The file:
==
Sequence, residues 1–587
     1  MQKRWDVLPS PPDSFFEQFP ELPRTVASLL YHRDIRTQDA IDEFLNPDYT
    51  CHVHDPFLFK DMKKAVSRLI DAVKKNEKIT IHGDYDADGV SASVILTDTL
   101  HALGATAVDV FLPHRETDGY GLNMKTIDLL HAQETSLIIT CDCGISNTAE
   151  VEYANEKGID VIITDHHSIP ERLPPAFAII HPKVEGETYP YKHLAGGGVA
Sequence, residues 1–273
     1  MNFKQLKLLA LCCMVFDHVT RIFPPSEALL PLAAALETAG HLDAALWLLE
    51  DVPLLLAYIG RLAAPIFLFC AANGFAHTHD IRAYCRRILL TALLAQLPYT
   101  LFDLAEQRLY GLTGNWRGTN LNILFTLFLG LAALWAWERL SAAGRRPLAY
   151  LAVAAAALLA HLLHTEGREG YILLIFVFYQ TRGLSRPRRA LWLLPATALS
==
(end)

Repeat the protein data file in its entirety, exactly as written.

Sequence, residues 1–587
     1  MQKRWDVLPS PPDSFFEQFP ELPRTVASLL YHRDIRTQDA IDEFLNPDYT
    51  CHVHDPFLFK DMKKAVSRLI DAVKKNEKIT IHGDYDADGV SASVILTDTL
   101  HALGATAVDV FLPHRETDGY GLNMKTIDLL HAQETSLIIT CDCGISNTAE
   151  VEYANEKGID VIITDHHSIP ERLPPAFAII HPKVEGETYP YKHLAGGGVA
Sequence, residues 1–273
     1  MNFKQLKLLA LCCMVFDHVT RIFPPSEALL PLAAALETAG HLDAALWLLE
    51  DVPLLLAYIG RLAAPIFLFC AANGFAHTHD IRAYCRRILL TALLAQLPYT
   101  LFDLAEQRLY GLTGNWRGTN LNILFTLFLG LAALWAWERL SAAGRRPLAY
   151  LAVAAAALLA HLLHTEGREG YILLIFVFYQ TRGLSRPRRA LWLLPATALS